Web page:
Pettorini swinging big stick this year at OSU

Pettorini swinging big stick this year at OSU

A few thoughts from the week in sports …

What a difference a year has made for Ohio State baseball player Tyler Pettorini.

As the Buckeyes (28-25, 6-15 Big Ten) enter their final series of the season in which they’ll host Michigan May 18-20, the Wooster High School graduate leads the team with a .319 batting average.

Pettorini, a 5-foot-11, 170-pound infielder-designated hitter, has collected 45 hits in 141 at-bats and scored 24 runs to go with 25 RBI. Primarily hitting third or fifth in the order, the lefty batter has eight doubles, three triples and three home runs.

It’s been a vast improvement over Pettorini’s freshman year in which he batted .218, with six doubles, 14 RBI and 24 runs.

“Obviously, I wanted to win more games, but I’ve felt good at the plate all year and my swing felt good,” said Pettorini, who’s played second base and third base and only committed two errors in 52 chances when not at DH. “I felt good in the infield when I got the opportunity to start there.

“I really hit the weight room this past summer. Obviously, I need to work more and get bigger, but I made a big jump in the summer. I just pretty much worked really hard every day.”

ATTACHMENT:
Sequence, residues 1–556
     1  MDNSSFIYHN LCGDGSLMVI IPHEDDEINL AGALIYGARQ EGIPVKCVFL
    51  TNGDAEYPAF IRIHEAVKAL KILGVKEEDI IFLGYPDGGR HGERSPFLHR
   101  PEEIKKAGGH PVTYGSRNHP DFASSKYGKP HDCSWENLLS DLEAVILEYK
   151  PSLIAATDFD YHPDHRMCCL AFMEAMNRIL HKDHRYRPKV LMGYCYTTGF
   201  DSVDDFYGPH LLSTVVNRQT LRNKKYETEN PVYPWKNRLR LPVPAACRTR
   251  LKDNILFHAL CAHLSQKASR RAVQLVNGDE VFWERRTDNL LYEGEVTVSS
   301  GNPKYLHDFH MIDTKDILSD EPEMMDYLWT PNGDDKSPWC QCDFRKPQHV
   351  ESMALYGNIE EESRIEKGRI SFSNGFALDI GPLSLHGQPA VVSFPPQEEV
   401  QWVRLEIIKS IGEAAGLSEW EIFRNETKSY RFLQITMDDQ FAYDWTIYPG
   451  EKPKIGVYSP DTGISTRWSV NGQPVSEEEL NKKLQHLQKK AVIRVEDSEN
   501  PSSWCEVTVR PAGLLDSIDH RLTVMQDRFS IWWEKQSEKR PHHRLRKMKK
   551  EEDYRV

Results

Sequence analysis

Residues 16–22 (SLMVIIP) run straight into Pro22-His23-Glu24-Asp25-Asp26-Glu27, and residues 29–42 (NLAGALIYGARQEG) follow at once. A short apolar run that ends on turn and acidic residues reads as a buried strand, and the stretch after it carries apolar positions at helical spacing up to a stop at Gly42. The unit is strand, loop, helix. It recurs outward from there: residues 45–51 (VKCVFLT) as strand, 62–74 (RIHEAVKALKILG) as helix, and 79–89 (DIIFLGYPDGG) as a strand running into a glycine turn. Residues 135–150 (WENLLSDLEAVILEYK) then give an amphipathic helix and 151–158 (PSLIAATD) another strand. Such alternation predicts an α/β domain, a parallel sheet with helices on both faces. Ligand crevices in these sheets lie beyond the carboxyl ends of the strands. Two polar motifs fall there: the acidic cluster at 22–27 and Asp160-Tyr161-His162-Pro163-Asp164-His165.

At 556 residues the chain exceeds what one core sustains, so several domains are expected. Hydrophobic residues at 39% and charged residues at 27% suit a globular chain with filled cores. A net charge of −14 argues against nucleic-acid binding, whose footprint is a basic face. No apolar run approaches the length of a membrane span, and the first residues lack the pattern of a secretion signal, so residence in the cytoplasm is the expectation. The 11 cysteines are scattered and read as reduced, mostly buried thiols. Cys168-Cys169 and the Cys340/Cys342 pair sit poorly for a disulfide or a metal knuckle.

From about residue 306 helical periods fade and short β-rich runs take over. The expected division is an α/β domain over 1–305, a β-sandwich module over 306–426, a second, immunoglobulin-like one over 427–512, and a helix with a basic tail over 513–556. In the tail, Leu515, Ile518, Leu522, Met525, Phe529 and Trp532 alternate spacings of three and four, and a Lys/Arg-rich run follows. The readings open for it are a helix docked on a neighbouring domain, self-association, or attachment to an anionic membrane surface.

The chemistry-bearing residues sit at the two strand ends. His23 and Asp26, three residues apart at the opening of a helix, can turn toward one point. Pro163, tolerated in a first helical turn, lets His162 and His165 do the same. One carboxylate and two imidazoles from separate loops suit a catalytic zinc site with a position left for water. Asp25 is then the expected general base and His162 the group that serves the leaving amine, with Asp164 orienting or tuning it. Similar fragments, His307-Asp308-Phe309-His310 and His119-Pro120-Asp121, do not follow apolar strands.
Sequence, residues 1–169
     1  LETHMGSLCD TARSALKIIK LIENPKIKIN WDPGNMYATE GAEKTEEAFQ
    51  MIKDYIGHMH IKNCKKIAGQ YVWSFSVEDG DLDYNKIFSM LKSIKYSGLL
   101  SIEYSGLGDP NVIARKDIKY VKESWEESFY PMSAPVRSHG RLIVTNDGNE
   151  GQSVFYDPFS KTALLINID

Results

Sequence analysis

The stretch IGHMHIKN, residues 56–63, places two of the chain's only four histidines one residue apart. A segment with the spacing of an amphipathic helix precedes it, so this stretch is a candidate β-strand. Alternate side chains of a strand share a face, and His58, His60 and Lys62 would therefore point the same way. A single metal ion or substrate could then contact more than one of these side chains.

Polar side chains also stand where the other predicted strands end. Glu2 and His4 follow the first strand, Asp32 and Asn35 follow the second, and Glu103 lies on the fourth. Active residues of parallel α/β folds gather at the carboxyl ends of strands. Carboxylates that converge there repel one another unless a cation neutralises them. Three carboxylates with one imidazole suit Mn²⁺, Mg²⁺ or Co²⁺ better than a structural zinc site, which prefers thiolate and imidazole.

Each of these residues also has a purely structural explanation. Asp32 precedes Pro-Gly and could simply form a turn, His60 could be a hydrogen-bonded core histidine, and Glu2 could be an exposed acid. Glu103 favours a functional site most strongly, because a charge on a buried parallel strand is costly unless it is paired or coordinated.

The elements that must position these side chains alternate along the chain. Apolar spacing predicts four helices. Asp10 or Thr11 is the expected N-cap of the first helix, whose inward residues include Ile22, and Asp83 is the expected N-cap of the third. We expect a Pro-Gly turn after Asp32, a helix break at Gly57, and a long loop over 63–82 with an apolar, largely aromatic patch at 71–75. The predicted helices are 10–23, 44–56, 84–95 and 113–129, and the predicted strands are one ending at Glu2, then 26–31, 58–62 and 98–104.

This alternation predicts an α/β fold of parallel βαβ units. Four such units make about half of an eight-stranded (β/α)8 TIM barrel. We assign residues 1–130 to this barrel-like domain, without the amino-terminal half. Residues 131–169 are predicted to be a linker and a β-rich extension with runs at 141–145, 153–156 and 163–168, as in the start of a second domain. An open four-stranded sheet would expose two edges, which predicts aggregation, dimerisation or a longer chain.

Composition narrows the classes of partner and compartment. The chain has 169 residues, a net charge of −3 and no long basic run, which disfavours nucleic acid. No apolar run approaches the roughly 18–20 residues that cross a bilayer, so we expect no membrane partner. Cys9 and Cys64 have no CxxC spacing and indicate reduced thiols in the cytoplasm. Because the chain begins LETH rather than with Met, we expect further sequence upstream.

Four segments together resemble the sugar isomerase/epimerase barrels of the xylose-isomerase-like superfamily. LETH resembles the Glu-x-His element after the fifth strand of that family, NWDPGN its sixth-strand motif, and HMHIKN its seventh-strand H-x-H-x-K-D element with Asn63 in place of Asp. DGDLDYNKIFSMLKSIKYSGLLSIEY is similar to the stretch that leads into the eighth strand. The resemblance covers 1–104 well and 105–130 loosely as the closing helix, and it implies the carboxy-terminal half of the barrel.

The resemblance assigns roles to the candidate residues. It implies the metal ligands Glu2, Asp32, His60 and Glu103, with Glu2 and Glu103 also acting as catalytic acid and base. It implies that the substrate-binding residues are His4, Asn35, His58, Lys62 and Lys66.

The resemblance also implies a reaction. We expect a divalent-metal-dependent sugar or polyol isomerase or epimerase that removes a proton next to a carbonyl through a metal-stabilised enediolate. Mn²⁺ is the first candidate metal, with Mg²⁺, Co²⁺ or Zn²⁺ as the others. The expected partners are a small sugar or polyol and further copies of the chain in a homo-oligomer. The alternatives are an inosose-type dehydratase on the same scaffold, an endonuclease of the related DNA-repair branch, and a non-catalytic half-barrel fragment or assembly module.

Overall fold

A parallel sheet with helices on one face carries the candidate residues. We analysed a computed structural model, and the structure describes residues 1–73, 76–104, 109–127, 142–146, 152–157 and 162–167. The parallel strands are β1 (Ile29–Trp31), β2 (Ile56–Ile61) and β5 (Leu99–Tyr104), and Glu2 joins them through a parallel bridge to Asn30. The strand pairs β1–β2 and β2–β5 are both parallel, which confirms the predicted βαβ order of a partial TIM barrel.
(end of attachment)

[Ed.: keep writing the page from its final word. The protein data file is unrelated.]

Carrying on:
The even bigger difference has been in the leadership of the program. Bill Mosiello, 58, was named Ohio State’s head coach on June 16, 2022, and brought with him a wealth of experience at the college and professional level.

This is Mosiello’s first Division I head coaching job, but he has coached under three hall of fame coaches. He’s been a part of conference championships in the SEC, Big 12 and Big West, with five trips to the College World Series.

Mosiello has coached or managed nearly 100 MLB players including 14 first-round draft picks, 28 MLB All-Stars and three current MLB managers.

Prior to coaching at TCU (associate head coach 2014-22) and Tennessee (2012-13), Mosiello served as the manager of the Los Angeles Angels of Anaheim’s Double-A affiliate, the Arkansas Travelers, where he mentored MLB great Mike Trout for nearly two full seasons.

Mosiello has pretty much done and seen it all on the baseball field. It was a pleasure to talk with him over the phone about Pettorini, the Buckeyes and baseball in general.

“Tyler is a tremendous hitter and has a great understanding of putting the bat on the ball,” Mosiello said. “He still has some things to work on, like drawing more walks. The really special hitters walk more times than they strike out. We have just an average offensive club, but he’s been a breath of fresh air.”

I asked Mosiello if it’s common for a college player to make such a big jump offensively in one season.

“Great point,” Mosiello said. “It’s not super common. Usually, a guy who struggled the year before doesn’t get that many opportunities, so it’s a credit to Tyler. It’s nothing that any of us did. I think he’s been a great hitter all his career. He’s got a great feel for the barrel, and he’s made the most of his opportunities.”